7 WOODS TO DISCOVER IN AND AROUND THE AREA
Posted by Francesca De Franco on 14 Feb 2019
I love the area we live in; 15 miles in one direction and you’re in central London yet nature and beautiful green spaces are on the doorstep.
On that note I’ve put together a list of 7 great woods in our local area to discover (if you haven’t already)…
Holly Lane car park, Holly Lane, CR5 3NR
The site of Banstead Woods and Chipstead Downs is designated a Local Nature Reserve for its ancient woodland, rare species and chalk grassland habitats. Banstead Woods not only boasts some beautiful types of trees, but also a great nature trail and the Narnia Trail with its fantastic The Lion, the Witch and the Wardrobe themed wood carvings.
The Banstead Woods Nature Trail is approximately 3 miles (5km) long and takes 1.5-2.5 hours. More details here.
The Narnia Trail gives you the opportunity to meet Aslan, Lucy Pevensey and the White Witch and you can even step through the wardrobe itself! Children can also take plant and animal rubbings en route.
The trail is approximately half an hour long and is pushchair friendly in the main, though there are some gravel paths and steep inclines. There are no toilets or places to buy food, but there are plenty of benches if you take a picnic.
Oxshott Heath & Woods
Sandy Lane Car park: (approximate postcode KT22 0NZ)
A woodland, heath and common covering approximately 200 acres, Oxshott Heath & Woods is a designated Site of Special Scientific Interest. It is home to both coniferous and deciduous trees and has an abundance of flora and fauna.
It includes a sandpit, which was used in WWII as a source of sand for sandbags. Very accessible, there are several car parks and Oxshott train station is nearby. There are a number of walks (though nothing child-specific) and a walk can be extended over to nearby Esher Common. More details here.
There are no amenities en route so snacks etc essential, though there are a number of pubs nearby!
Access points – with some parking – are on Leatherhead Road and on Fairmile Road at Highgate Cottages Gate
Staying in Oxshott, you’ll also find Prince’s Coverts, a managed woodland owned by the Crown Estate. The 12-point Coverts trail is a 3.5-mile marked trail which starts and ends at Prince’s Gate and takes you through several different woods and includes a picnic site. The Great Oaks ancient woodland is home to a host of bluebells in springtime.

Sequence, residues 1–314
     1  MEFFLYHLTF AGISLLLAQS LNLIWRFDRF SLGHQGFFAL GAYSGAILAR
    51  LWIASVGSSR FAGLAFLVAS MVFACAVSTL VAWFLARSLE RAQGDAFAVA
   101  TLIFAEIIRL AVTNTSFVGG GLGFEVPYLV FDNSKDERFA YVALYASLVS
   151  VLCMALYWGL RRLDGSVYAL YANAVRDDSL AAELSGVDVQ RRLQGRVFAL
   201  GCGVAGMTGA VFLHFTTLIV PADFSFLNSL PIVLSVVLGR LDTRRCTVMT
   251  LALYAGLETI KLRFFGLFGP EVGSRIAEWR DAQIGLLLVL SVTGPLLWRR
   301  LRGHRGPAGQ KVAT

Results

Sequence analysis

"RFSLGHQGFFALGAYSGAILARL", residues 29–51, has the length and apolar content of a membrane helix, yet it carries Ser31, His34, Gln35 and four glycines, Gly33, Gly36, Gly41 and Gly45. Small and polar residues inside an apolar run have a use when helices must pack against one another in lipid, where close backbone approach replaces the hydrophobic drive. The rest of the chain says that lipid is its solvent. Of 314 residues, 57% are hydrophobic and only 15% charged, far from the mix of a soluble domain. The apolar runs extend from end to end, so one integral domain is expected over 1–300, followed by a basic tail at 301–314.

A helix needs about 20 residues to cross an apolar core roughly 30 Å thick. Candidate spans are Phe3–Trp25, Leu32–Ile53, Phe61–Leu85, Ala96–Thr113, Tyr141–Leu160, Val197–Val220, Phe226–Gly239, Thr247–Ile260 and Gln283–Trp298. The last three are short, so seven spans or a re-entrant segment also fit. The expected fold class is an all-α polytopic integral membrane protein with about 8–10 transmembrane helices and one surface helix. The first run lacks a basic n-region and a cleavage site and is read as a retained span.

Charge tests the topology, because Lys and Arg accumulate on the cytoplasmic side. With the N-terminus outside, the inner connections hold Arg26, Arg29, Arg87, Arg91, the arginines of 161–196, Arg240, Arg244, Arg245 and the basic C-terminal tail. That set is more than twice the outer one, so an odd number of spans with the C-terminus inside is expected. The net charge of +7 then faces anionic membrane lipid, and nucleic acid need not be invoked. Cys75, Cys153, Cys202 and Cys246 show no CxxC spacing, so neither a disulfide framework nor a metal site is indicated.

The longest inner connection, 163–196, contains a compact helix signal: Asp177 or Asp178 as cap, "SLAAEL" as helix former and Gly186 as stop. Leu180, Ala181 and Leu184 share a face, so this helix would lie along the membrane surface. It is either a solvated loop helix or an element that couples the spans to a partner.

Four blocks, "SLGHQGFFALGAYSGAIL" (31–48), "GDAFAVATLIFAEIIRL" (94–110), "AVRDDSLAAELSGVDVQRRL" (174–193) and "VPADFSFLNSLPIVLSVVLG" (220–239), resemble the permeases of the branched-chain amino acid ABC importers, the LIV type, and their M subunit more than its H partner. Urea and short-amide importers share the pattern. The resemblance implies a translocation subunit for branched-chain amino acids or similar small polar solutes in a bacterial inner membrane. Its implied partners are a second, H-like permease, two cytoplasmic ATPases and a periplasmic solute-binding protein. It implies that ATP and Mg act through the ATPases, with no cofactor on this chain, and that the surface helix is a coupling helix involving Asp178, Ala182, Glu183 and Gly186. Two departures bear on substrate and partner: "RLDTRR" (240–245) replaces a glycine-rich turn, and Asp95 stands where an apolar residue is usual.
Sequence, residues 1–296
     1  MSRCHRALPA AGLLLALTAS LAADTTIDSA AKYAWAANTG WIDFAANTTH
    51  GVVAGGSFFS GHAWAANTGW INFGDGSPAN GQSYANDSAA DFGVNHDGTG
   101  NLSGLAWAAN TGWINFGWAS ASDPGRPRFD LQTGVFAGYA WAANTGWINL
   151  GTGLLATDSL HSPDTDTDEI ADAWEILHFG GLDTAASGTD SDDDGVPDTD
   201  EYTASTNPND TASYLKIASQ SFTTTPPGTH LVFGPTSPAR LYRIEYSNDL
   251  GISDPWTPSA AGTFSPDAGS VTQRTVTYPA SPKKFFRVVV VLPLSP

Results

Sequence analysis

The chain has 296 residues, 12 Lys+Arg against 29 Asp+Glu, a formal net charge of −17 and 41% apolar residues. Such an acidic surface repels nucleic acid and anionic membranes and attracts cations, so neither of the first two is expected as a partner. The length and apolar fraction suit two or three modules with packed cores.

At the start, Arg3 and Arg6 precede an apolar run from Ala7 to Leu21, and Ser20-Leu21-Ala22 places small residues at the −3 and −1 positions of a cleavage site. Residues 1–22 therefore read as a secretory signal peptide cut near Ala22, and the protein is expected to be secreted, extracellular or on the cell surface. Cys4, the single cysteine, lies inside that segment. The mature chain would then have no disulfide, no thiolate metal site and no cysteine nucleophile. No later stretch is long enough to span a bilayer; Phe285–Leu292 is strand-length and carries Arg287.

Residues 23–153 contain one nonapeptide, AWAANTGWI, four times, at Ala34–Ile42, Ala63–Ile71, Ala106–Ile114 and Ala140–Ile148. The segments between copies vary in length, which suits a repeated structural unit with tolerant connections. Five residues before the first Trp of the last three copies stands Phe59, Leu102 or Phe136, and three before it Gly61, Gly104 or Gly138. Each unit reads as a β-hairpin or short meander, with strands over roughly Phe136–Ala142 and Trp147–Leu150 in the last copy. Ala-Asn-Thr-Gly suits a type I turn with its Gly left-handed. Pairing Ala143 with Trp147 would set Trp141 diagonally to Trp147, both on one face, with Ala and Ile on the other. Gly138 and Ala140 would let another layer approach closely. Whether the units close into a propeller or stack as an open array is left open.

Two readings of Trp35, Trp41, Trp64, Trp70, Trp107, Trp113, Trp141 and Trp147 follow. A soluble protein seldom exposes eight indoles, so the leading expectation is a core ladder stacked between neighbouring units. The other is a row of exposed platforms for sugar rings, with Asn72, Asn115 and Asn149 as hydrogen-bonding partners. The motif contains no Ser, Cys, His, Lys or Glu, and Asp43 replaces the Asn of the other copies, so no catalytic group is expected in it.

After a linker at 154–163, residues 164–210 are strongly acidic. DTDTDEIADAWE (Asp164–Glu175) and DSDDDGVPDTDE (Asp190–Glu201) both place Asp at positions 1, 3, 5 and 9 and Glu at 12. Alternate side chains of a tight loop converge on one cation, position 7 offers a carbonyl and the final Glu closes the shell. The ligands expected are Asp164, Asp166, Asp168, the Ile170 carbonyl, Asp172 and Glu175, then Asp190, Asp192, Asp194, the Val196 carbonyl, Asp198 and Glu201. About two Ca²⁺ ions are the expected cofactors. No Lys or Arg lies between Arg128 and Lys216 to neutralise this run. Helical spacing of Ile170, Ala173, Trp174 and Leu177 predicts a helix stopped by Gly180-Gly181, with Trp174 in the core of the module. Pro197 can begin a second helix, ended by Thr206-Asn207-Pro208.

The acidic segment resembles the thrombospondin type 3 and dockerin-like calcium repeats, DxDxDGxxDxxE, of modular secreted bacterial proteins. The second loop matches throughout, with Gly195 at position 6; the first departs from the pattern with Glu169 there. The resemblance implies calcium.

The brochure gives information about the history of Prince’s Coverts and details the trail, you can find it here.
Despite what the brochure says, walkers no longer require a key.
Deans Lane, Walton-on-the-Hill (plenty of on street parking)
Banstead Heath is part of the Banstead Commons and covers 760 acres. It’s a great place to spot a wide variety of birds and butterflies and has a wealth of different fungi in season (one of my daughters is obsessed with mushroom-spotting!).
This is our go to for a quick circular walk, but there are more official and longer routes to explore, more details are here.
When you’ve finished in the woods there is the lovely Mere pond to visit, which is home to many ducks. I can also recommend the nearby Grey Dove Café.
Visitor Centre, The Old Fort, Box Hill Road, Tadworth, KT20 7LB
This is a National Trust-owned family favourite! It includes a great natural play trail (a flat two-mile walk), which provides a great opportunity for children to play in the woods. The trail takes about an hour, but you can really stretch it out if you want.
There are lots of trees and structures to climb on (including fallen trees, which have been made into bridges to walk along), stepping stones, tunnels to scramble through, tree archways to walk under and a number of natural play features on the route. There’s also a secret play place hidden between the trees. Don’t forget to check out the big beech trees with their knobbly roots and to build a den!
There is also the slightly more difficult – and less woody – Stepping Stones walk
As this is National Trust, there’s a café and toilets at the start of the trail/s as well as two car parks (free for National Trust members).
Parking is available at Ashtead Railway Station, which is on the southern edge of the common and there is street parking near the station
This 200-hectare ancient wooded common, owned by the City of London Corporation, is another local Site of Special Scientific Interest and a National Nature Reserve.
Ashtead Common is made up of woodland, grassland, scrub and wetland and is home to over 50 different species of trees and shrubs including its famous (and rare) pollarded oaks, which date back to the 17th and 18th centuries. You’ll also be able to spot plenty of animals and insects as well as 300-plus species of plant. This is another great place for bluebells in the springtime. More info here.
For more robust woodland walkers there’s a four-mile circular pub walk, which starts and ends at The Star (KT22 0DP):
Langley Vale Wood
There is no car park yet and it’s recommended you travel by public transport (see below links for further details)
Langley Vale is one of four woods (one in each country of the UK) that is being planted by the Woodland Trust to mark the centenary of World War One. This is a work-in-progress but the 640-acre site already has pockets of ancient woodland and plenty of fauna (including many species of birds) and flora to see.
Planting started late 2014, and it’s expected that 70,000 trees will be in the ground in the 2018/19 planting season. The plan is to have 200,000 native trees, including beech, rowan, hawthorn and oak, planted by the end of the project.
“Over the years, it will develop into a mosaic of established woodland, grassy clearings, poppy-filled meadows a memorial area for quiet reflection.”